Filed under Announcements, Communications, Expat, Korea life, Seoul, Telecommunications

46 responses to “Some advice on getting cell phones in Korea (for foreigners)

  1. Billy McGee

    Hello, I will be transfered to the Daegu, Camp Carroll area by my company in September. I would like to know what my options for cell phone service will be. I have a cell phone now, that uses a SIM card. Is that the typical type phone used in S. Korea? Will I need to buy a cell phone specifically for S. Korea? I would like to also have a land line in my apartment, (when I get one). I also typically call Thailand daily, and the USA about 1-5 times a month. I generally have no need to call other locations in the world. I am totally unfamiliar with the cell phone system (or Land Lines) in Korea. Can you clue me in on details? Thank you very much.

  2. You’ll probably need to buy another phone locally. Not sure what the military uses though for their needs. They probably have some hook up with the local authorities. You should call the numbers in this post above when you get here. They’ll help you address your questions more properly when you get here.

    In terms of calling Thailand and the U.S., I’d recommend using a service like Skype or another VOIP service. My website gives a little advice on a few services.

  3. Hello,

    Please forward all inquiries regarding your mobile concerns to my above listed work email. I will be more than happy to answer all of your cellular questions.

    Kim MinJung



  5. Lou

    hi, i will be moving to Korea soon, can i buy a cell phone there and use it in the states? Thanks

  6. Brian Watts

    Hi! I read this blog post but still have a few questions. I am going to Korea (by myself!) this summer and I need to rent/buy a phone for cheap. I will be there for about 2 months and renting seems to cost a lot! How would I just buy a phone for cheap that I could use to make a minimum amount of calls? I can’t find anything on purchasing Korean phones with “pay as you go” plans or anything.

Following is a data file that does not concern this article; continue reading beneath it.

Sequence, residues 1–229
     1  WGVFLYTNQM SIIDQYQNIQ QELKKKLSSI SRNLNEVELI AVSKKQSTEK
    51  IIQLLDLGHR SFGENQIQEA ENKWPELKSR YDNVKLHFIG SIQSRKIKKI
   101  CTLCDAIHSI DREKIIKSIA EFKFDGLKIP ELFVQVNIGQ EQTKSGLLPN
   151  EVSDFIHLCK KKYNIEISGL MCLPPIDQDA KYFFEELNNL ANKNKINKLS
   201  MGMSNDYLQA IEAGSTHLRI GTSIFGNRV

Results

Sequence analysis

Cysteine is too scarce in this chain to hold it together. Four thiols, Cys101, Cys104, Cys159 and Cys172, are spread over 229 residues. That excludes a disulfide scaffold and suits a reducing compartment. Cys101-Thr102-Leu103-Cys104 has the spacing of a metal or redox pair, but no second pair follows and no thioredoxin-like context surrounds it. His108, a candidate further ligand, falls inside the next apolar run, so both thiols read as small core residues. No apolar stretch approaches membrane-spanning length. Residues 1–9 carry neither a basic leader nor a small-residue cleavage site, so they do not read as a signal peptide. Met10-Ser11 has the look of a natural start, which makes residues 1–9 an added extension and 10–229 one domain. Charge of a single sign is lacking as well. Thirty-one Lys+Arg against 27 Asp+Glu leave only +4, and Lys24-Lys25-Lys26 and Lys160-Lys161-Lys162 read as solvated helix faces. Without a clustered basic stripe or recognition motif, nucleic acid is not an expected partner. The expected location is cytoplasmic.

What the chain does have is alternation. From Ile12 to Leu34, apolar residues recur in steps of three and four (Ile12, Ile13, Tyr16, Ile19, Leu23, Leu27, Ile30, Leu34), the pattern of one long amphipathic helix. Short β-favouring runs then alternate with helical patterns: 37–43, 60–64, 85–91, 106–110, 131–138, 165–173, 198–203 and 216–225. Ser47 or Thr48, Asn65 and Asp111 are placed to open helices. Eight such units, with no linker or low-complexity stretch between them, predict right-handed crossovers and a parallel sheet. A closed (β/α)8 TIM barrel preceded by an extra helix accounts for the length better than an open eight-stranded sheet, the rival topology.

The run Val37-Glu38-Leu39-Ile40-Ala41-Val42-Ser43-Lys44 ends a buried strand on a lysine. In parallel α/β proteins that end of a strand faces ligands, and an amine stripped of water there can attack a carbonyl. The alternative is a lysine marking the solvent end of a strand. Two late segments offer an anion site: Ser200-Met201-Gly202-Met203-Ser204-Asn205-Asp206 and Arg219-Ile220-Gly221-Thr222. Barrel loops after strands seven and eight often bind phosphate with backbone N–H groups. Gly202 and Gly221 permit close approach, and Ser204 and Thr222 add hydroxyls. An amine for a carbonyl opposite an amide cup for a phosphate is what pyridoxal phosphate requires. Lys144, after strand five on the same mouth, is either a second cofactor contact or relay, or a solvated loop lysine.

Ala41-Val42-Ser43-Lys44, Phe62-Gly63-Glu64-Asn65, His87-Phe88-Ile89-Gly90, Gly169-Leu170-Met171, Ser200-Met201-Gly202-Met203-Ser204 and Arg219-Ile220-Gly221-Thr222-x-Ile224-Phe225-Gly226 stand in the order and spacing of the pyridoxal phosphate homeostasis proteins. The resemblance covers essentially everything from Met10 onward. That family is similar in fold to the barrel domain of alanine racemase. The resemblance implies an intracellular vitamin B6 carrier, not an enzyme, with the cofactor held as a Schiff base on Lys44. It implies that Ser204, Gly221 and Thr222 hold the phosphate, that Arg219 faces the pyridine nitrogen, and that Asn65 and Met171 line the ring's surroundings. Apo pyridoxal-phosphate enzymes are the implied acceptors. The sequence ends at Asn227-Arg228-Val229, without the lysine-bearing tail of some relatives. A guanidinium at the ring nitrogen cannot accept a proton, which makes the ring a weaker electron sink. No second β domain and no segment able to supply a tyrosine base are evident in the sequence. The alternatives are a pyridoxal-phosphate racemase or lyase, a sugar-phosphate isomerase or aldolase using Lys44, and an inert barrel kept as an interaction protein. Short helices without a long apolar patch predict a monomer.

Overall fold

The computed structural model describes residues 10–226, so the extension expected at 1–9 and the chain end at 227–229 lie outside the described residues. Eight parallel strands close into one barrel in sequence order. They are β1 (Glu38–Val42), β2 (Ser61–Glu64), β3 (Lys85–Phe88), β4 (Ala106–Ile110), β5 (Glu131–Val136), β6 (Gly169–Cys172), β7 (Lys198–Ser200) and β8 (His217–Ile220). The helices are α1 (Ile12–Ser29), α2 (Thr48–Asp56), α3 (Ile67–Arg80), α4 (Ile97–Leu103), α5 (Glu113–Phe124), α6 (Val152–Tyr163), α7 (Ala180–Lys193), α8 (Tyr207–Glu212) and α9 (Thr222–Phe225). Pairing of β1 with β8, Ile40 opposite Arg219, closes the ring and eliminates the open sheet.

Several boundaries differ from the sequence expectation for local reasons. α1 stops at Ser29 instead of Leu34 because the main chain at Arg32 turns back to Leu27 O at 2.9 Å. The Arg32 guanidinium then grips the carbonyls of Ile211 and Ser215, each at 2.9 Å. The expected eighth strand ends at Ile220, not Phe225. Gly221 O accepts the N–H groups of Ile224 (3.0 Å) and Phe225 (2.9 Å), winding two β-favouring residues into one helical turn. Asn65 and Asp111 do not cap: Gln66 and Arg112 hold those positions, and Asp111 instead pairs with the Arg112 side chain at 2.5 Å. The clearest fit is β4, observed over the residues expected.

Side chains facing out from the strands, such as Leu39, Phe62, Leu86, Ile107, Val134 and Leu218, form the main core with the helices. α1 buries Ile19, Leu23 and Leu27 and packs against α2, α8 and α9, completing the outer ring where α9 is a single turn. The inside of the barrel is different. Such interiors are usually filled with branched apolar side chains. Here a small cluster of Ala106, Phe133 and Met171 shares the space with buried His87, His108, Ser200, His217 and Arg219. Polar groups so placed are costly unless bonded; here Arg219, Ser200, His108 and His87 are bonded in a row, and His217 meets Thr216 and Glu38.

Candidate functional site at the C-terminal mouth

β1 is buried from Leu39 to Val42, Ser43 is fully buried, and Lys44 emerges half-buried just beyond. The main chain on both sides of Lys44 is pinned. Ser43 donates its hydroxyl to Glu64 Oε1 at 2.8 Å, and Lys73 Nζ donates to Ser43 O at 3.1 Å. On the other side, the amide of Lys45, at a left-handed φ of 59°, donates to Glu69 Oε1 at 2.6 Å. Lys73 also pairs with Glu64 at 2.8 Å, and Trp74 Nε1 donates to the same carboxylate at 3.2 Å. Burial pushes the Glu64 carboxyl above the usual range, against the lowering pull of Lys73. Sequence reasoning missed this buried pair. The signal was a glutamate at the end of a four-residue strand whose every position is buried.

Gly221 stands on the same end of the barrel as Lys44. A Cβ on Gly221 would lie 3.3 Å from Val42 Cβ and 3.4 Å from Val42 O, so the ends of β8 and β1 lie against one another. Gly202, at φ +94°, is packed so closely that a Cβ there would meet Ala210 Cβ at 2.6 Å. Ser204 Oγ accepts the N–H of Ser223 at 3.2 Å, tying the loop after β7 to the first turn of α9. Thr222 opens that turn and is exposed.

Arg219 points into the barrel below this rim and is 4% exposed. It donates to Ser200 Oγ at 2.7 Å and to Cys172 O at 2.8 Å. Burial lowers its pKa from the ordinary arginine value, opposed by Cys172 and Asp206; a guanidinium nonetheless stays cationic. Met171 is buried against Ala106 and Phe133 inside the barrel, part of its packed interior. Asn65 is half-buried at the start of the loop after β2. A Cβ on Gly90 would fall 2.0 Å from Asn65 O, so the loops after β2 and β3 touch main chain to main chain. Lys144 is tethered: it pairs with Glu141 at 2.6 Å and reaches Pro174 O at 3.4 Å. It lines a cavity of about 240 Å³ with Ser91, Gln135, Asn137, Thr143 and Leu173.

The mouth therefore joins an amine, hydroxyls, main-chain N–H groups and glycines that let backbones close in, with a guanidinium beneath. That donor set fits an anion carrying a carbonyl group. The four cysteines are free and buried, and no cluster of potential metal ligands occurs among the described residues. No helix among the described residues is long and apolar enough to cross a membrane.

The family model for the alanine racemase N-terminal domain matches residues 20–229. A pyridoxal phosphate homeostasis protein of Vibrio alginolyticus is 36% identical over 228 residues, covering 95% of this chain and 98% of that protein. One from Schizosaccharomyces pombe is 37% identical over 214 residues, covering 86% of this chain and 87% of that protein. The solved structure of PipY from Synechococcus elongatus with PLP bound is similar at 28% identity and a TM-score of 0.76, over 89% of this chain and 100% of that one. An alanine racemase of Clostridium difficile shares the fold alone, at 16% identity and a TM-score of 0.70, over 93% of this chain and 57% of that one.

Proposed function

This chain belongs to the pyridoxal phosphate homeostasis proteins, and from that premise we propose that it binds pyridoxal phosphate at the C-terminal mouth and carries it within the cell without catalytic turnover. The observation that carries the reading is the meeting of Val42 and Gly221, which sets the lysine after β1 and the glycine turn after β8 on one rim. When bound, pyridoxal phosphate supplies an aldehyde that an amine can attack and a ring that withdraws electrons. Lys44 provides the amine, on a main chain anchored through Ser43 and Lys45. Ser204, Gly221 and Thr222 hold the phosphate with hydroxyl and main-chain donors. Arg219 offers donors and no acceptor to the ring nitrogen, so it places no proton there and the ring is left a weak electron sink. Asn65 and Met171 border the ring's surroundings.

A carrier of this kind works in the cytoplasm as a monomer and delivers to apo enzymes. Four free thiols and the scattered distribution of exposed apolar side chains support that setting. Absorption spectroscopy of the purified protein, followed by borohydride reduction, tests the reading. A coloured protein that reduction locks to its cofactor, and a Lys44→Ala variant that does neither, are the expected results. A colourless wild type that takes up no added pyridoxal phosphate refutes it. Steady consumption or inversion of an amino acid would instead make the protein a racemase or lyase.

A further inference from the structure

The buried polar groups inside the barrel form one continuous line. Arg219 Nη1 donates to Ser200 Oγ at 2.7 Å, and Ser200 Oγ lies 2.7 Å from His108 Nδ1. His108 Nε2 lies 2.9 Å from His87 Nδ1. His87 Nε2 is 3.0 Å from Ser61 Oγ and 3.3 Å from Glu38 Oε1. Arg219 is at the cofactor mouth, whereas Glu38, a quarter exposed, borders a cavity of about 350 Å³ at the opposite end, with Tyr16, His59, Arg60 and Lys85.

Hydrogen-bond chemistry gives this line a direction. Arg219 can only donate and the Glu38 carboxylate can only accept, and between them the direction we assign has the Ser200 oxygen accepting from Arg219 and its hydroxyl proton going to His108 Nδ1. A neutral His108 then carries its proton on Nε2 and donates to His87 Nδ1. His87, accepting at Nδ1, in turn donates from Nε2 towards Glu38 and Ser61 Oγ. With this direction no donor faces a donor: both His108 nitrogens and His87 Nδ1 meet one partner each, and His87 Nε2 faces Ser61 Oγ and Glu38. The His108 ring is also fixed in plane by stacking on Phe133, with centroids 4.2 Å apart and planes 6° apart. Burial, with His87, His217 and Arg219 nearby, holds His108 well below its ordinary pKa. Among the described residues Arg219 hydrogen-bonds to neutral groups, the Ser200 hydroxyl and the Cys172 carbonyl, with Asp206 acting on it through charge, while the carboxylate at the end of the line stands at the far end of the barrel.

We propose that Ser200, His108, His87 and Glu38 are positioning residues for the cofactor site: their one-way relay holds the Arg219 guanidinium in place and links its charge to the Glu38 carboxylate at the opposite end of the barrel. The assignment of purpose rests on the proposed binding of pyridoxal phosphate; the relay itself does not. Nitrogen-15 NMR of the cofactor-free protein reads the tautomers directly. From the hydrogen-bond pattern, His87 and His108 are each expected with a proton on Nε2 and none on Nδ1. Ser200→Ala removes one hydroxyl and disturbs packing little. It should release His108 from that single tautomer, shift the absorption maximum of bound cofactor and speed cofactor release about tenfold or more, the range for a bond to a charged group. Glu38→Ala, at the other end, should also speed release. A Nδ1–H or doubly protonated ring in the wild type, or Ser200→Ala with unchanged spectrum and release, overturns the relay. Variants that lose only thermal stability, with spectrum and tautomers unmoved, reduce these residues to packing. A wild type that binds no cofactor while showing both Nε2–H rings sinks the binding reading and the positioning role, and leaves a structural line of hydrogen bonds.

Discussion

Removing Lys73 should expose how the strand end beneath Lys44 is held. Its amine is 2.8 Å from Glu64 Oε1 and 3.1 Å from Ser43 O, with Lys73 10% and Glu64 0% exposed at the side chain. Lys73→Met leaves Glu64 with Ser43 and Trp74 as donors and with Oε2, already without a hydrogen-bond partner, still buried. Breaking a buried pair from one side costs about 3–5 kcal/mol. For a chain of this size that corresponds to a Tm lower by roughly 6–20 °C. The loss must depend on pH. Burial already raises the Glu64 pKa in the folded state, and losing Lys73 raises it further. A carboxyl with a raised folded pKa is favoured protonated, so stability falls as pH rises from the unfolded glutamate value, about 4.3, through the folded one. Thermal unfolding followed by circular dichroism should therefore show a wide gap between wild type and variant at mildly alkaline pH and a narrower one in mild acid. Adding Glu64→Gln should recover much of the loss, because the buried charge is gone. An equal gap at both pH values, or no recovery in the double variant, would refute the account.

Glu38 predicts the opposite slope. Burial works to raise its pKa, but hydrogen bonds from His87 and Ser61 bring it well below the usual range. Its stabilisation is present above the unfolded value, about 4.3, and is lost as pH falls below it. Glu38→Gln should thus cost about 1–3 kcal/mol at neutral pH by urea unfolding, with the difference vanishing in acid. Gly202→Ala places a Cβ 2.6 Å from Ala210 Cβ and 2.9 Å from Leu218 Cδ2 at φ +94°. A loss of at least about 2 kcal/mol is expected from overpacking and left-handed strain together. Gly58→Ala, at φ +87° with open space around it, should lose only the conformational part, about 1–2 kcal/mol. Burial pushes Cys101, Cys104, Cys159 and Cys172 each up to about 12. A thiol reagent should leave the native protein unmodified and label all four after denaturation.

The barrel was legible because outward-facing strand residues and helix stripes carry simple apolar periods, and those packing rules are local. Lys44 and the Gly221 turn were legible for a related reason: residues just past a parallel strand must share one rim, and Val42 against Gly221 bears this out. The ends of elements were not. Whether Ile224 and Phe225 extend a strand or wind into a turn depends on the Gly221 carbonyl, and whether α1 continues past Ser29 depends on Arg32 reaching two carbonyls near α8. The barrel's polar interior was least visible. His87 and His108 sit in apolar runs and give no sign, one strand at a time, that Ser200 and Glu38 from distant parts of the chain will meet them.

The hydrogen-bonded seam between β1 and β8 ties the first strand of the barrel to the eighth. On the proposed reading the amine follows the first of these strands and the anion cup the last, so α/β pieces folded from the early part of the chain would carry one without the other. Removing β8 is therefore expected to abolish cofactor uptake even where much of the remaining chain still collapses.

Thank you so much!

  7. Some phones can be programmed to be used in the U.S., but you’ll have to do your research here after you arrive…

  8. If you’re here for 2 months, I’d just rent from the airport…it also depends on your visa. If you’re here on a working visa, you can get a pre-paid plan or monthly depending on your connections. If you just need it for emergencies, just rent from the airport…

  9. youknowwho

    LG telecom is a terrible service provider. They charge really high rates without letting you know ahead of time. They charged me 1.1 million won, about $1,000 for 2 months of services and about $800 for the last one and a half months. Those were backed up fees that they never mentioned about so I was getting regular monthly fees and calling international, without realizing the huge bills that wre piling up until months later. They didn’t bill me for the international stuff until I’d been here for 5 months. And even when I significantly lowered my calling, especially overseas, they still charged me the $800 for calls I never made and services I never used. Their excuse was that they haev to use SK Telecom’s overseas services so they come at a higher rate because they still want to make a commission off of it. If that wasn’t enough, the sky phone that came with it falls apart easily, the vibration is really loud and long, and the ring tones are extremely irritating. I don’t recommend their products at all. I am cancelling my service tomorrow.

  10. Min-jung Kim(LG)

    The address in the post above no longer valid, please send all further inquires to I will be happy to answer your questions there.

    Thank you!

    –Min-jung Kim–

  11. My daughter has just bought a mobile phone in Korea and I have tryed to phone through from NZ useing country code for Korea 0082 and then her 010number but to no avail, what am I doing wrong?

    • Abhinav Tripathi

      Try 0082-10….. instead of 0082010……’0′ is a prefix for Dialing National numbers(i.e. within the country) & ’00’ is a prefix for dialing International Numbers and they are used mutually exclusive. Suppose you were living in Auckland & your Fixed Line number is 222 2222 and mobile number is 333 3333. If I were in Auckland I’d just dial 222 2222. If I were in Wellington I’d dial 09 222 2222.